Amid much reciprocal back-slapping, congressional leaders and the Obama Administration recently came to terms on a budget for the rest of the current fiscal year, which lasts through September. The deal will cut $38.5 billion in federal spending.
That may sound like a lot of money, and all parties involved in the budget negotiations are claiming victory because they avoided a “shutdown” of the federal government and managed to cut a “record” amount of spending.
Members of Congress can congratulate themselves all they want, but what these Democrats and Republicans have done is hardly a profile in greatness. These spending cuts are only a tiny fraction of the projected $1.6 trillion current-year budget deficit; and are hardly worth comparing to the real elephant in the room – our nations massive, $14.2 trillion national debt.
In January 2007, the new House Speaker, Nancy Pelosi, promised there would be “no new deficit spending.” Democrats had hammered the reckless spending of the George W. Bush-led Republicans throughout the 2006 mid-term election. And while the criticism of big-spending Republicans was an all-too-legitimate issue, Pelosi and her team then proceeded to spend an astonishing $5 trillion in the next four years.
During this four-year stretch, the only serious plan proposed to cure America’s addiction to deficit spending was authored by Paul Ryan, a young Wisconsin Republican with a keen mind for public policy and economics. Of course, with the House under Democratic management, Ryan’s “Roadmap to America’s Future” went nowhere.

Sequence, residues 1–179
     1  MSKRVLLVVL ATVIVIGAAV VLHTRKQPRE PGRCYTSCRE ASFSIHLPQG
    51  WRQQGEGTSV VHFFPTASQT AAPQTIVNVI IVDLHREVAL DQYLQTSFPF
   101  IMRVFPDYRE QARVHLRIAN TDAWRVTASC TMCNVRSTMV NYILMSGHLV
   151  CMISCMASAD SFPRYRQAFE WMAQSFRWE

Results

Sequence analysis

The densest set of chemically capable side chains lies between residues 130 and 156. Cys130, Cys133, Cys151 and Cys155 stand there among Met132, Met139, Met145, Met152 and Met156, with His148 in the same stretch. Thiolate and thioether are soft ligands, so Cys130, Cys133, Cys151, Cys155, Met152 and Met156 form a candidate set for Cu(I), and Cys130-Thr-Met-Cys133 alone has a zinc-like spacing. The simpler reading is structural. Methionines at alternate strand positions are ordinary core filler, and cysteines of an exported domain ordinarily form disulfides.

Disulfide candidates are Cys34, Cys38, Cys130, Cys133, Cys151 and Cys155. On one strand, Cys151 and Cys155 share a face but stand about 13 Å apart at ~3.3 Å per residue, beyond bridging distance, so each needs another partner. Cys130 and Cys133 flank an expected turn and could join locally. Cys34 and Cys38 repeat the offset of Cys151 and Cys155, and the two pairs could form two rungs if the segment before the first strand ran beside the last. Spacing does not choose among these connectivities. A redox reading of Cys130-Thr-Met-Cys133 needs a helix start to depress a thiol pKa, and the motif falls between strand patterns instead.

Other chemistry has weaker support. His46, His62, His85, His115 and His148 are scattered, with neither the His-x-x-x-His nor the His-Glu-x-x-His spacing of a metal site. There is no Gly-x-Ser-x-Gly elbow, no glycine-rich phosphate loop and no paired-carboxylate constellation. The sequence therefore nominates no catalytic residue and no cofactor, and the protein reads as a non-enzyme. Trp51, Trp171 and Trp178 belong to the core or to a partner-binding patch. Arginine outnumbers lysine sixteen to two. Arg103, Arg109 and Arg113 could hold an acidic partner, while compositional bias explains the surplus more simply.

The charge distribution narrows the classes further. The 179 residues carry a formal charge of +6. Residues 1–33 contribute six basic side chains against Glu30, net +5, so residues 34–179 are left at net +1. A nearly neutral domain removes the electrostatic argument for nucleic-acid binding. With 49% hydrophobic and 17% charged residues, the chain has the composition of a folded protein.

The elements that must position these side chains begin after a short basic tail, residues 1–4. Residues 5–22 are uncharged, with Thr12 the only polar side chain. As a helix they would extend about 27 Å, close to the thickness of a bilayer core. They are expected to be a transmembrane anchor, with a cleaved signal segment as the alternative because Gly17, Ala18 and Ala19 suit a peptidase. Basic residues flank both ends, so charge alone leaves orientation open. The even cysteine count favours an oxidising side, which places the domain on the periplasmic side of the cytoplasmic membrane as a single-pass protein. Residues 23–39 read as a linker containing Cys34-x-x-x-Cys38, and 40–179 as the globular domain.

Well, he’s back; and this time he’s chairman of the House Budget Committee. Ryan’s latest plan, the “Path to Prosperity,” is a comprehensive budget proposal that cuts spending by $6.2 trillion over the next decade and pays off the national debt in 40 years.
Ryan explains that the goal of his plan is to cut spending by bringing it down to historical levels (20 percent of gross domestic product). He would continue to build on the bipartisan welfare reform agreements of the late 1990s; and would reform and simplify the tax code and the entitlements that pose a clear and present danger to our prosperity if not dealt with.
By far the most intriguing aspect of Ryan’s proposal deals with entitlements — specifically Medicare; a task clearly not for the faint of heart.
As currently structured, Medicare and Social Security are not sustainable. As Michael Tanner, a senior fellow at the Cato Institute wrote last year, “Social Security’s total unfunded liabilities top $15.8 trillion, and depending on what accounting measure is used, Medicare’s future shortfall could exceed $100 trillion.”
Ryan notes pointedly that his intent is not to dismantle Medicare, but to save it. As he explains, individuals near retirement would not be affected by these reforms, and new enrollees will have the same health coverage that members of Congress enjoy. Importantly, his plan would offer choice to those coming into the system; an idea that is anathema to many, including Democrats and liberal special interest groups.
Sadly, but not surprising, instead of presenting their own substantive proposal or plan, something more than President Barack Obama’s nonspecific speech last Wednesday, to counter Ryan’s work, the response from Democrats and liberal special interest groups is not just “no,” but “hell no.” On the other side of the aisle, some conservatives complain Ryan’s plan does not cut spending enough, and that it takes too long to reign in the national debt. Such criticisms may be valid in theory, but are not rooted in the real world.
Congress is divided, and a Democrat occupies the White House. There are political considerations that must be considered, and there may be further compromises along the way, as even Ryan acknowledges.
“The Path to Prosperity” is not a perfect proposal, but it is a much-needed step in the right direction. To paraphrase Ronald Reagan, it just may represent the last, best hope for America, which otherwise faces a long and inevitable slide to economic mediocrity.
-by Bob Barr, The Barr Code